The city of West Lafayette in Indiana is currently facing a dilemma on whether or not to outlaw "conversion therapy."
There were a few intense discussions at the West Lafayette City Council meeting on whether or not conversion therapy should be banned.
Supporters argued “conversion therapies” are harmful and should be banned. They emphasize that these so-called “conversion treatments” to try to “change” a person’s sexual orientation or gender identity aren’t just ineffective, but also abusive towards LGBTQ+ people. They argued it is necessary to protect the LGBTQ+ community, especially youth.
Queer councilmember Shannon Kang
“Until all of our vulnerable populations in the city are protected we cannot stand by… and say that we’ve done enough,” queer councilmember Shannon Kang said. “This is extremely important to me.”
“Ordinances and resolutions like this are intended to change the culture,” she added. “I’m not asking that these people, who do it, would convert, but it sends a message into what sort of community they are living in, and it sends a message to our vulnerable communities as well.”
The opposition was not left out, as Pastor Josh Greiner from Faith West Community Ministries welcomed the postponement and called for religious liberty.
“Obviously, there are concerns with the ordinance. With parent rights, with rights of individuals and with religious liberties at stake,” he said. “What would be better is if either they dropped the ordinance altogether or if they were willing to amend it to include clear language to exempt religious organizations.”
The ordinance to ban “conversion therapy” met with some resistance from council members, who struggled to define it. Some believe the language of the ordinance is too vague and open to abuse, which made them unsure how it would be applied.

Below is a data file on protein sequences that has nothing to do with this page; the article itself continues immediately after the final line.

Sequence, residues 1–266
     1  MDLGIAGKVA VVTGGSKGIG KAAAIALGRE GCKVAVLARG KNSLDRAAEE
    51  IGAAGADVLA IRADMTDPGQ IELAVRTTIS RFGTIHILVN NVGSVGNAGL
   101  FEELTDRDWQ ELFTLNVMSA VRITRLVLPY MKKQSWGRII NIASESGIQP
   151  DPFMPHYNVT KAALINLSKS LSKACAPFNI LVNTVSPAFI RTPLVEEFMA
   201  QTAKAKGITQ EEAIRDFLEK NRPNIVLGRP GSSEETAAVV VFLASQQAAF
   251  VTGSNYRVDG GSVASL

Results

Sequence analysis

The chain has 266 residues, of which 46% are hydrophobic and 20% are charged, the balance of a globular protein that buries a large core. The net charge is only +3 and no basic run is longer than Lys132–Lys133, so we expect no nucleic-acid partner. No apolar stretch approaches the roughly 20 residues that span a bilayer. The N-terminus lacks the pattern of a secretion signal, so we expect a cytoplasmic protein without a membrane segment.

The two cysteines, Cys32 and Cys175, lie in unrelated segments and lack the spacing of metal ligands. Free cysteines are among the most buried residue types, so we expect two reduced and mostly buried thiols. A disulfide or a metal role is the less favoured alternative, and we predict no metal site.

For example, they wonder if this practice should be prohibited to licensed practitioners only and also unlicensed persons?
“When does guidance turn into behavior modification? I’m not in a position to be able to assess that,” West Lafayette Mayor John Dennis said. “The one thing I do know for sure is, if someone is reaching out for help and they go to their pastor, teacher, or somebody in a position of authority, the intent of the (person reaching out) is to get advice. And if somebody abuses that, then there is definitely an action that needs to take place.”
He added: “We are getting into areas in some cases that might breach the relationship between a child and its parent, a pastor and its constituent. I’m not sanctioning any kind of abuse of a child, but I just think passing any legislation… that is somewhat vague does present problems. Specifically with enforcement.”
Councilmember David Sanders (Purdue University photo/Rebecca Wilcox)
The ordinance “does not outlaw speech, counseling, discussions, or advice,” Councilmember David Sanders, who introduced the ordinance, said. “None of that is actually in the ordinance. What it talks about are practices or treatments. These are technical terms for what is actually used in 'conversion therapy'. It is not about discussions or teaching, all these things people said they had concerns about. That’s not what the ordinance says.”
The vote on the “conversion therapy” ban is expected to take place during January 2022. Let’s hope it won’t be rejected.
The West Lafayette City Council meeting on the banning of “conversion therapy” led to a lot of questions. The intention to ban this practice is there, but some members of the city council and Mayor Dennis do not realize how harmful “conversion therapies” can be on individuals. I can’t help but feel that they are more concerned about penalizing some than protecting others.